Kate M. Cleary, A Gallant Lady
(For more information, see my biography, Kate M. Cleary, A Literary Biography with Selected Works published by the University of Nebraska Press. Photographs may not be used without permission.)
Kate McPhelim Cleary (1862-1905), the daughter of Irish immigrants, was born in New Brunswick, Canada. After her father’s death, the family moved to Ireland, Philadelphia, and then Chicago. Cleary began publishing stories and poems in Saturday Night at age fourteen, and later was a frequent contributor for the Chicago Tribune.
At first Cleary wrote under various names and pseudonyms: K. Temple More, Kate McPhelim, Mrs. Kate Chrystal (The Lady of Lynhurst, 1884), and Mrs. Sumner Hayden (Vella Vernel, or an Amazing Marriage, 1887). After her marriage to Michael Cleary and their move to Hubbell, Nebraska, in 1884, she also began signing her works “Kate M. Cleary” or “K.M.C.” Although some of her stories and sketches are bleakly naturalistic, much of her best writing offers a humorous look at western society. Her mystery novel, Like a Gallant Lady, 1897, created controversy in Nebraska over its depiction of the state and its people.
The family returned to Chicago in 1998 where they struggled economically to survive; thus, many of her later stories are potboilers to support her family. When Cleary died in 1905 at age 43 after an unsuccessful, badly administered morphine addiction cure at the Elgin Asylum, Chicago newspapers named her “one of the best-known magazine writers in the country.”
Cleary used laughter to survive the poverty of her childhood and the cultural gap between life in Chicago and in a brand-new Nebraska village nestled in a valley near the Kansas border. Cleary wrote three novels as well as hundreds of stories and poems for newspapers and periodicals during her short life to help support her family. During the economic depression of the 1890s, when her husband’s business and health were failing, her mother and two daughters had died from illnesses, and she was struggling against an addiction to morphine prescribed by her family physician after a difficult childbirth, she penned, ironically, her most humorous stories and poems. Laughter came to her rescue.
Cleary’s friend, journalist Elia Peattie, notes Cleary’s ability to cope with adversity through her humorous temperament. In her column for the Omaha World Herald, in an 1893 article entitled “A Bohemian in Nebraska,” Peattie exclaims that “the art of living is not a thing controlled by environment and circumstances.” Cleary is an example “for some of our serious, hard-working American women to know how humor, imagination, ability and adaptability can illuminate our lonely western life.” Upon entering Cleary’s home, Peattie writes, one is immediately ushered into a comfortable chair in the book-lined living room and handed a glass of beer: “The big world of letters is around you. You laugh with all those who have ever, by laughing, made themselves famous. You feel as if the spirits of all those who were cleverest that ever you have known, had come out with you over the wind-racked plains, and were there, drinking beer and laughing, too.”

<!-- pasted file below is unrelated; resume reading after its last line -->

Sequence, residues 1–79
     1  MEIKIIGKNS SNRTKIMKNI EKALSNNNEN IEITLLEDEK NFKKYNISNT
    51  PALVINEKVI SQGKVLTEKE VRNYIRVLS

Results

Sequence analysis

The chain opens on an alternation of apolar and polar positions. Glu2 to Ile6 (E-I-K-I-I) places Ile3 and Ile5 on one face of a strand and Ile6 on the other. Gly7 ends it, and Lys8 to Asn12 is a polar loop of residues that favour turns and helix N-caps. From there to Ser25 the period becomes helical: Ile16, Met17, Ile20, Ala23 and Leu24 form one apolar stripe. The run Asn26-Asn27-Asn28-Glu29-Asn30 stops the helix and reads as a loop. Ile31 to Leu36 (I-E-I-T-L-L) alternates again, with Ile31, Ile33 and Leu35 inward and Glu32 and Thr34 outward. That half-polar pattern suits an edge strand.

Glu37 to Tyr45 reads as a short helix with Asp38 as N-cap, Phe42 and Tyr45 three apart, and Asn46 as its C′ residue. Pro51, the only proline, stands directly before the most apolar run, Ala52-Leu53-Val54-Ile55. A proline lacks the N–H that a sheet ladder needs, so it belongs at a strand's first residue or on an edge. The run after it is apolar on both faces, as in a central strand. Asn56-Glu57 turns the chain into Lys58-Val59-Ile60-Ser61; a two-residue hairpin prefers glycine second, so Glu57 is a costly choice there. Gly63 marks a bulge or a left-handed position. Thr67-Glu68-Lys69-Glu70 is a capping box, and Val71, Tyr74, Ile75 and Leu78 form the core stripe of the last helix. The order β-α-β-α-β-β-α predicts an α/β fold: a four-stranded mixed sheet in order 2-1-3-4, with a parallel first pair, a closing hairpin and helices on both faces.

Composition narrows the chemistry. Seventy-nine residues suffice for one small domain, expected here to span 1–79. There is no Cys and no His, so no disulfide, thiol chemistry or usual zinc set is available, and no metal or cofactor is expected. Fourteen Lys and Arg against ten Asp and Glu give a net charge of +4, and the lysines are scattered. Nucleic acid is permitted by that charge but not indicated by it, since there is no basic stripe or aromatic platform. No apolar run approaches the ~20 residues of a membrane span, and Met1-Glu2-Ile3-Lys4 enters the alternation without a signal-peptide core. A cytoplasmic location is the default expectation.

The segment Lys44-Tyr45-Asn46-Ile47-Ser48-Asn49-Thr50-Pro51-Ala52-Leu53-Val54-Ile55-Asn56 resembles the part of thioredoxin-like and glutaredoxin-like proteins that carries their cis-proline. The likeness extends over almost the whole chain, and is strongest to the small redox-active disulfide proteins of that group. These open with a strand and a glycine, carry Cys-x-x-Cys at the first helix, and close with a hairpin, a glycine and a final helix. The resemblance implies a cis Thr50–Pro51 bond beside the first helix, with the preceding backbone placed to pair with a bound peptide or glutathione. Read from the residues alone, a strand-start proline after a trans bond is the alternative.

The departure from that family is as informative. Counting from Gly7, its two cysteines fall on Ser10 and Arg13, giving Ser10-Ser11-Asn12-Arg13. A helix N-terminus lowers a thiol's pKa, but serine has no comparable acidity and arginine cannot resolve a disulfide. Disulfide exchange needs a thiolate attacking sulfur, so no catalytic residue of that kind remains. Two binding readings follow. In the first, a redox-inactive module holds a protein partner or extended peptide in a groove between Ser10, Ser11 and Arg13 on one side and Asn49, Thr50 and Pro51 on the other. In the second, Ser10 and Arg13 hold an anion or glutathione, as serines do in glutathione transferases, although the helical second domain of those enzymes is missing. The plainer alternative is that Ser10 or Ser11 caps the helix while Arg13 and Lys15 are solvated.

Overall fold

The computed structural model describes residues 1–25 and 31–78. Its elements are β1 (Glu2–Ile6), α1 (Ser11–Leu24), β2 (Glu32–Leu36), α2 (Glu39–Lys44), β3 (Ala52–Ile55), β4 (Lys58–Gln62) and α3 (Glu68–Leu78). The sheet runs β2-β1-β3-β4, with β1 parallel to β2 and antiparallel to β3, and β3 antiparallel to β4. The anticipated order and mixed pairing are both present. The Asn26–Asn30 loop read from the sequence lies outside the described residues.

As a regionalist, Cleary’s work, deeply rooted in place, represents universal human emotions and conditions. Her realistic and naturalistic stories powerfully depict the hardships of the pioneer West viewed first hand by a woman who endured the droughts and blizzards of Nebraska and who knew its inhabitants on a first-name basis. Most significant are her humorous stories and sketches whose light-hearted satire gently mocked the Cult of True Womanhood, the foolishness of social pretension, and the perennial battles between the sexes while realistically depicting the lives and customs of American pioneers.
Bloomfield, Susanne George. “Kate M. Cleary, A Gallant Lady. Professor Jabberwocky. Edublogs. 13 March 2015. Web. [Date of access].
Copyright by Susanne George Bloomfield 2015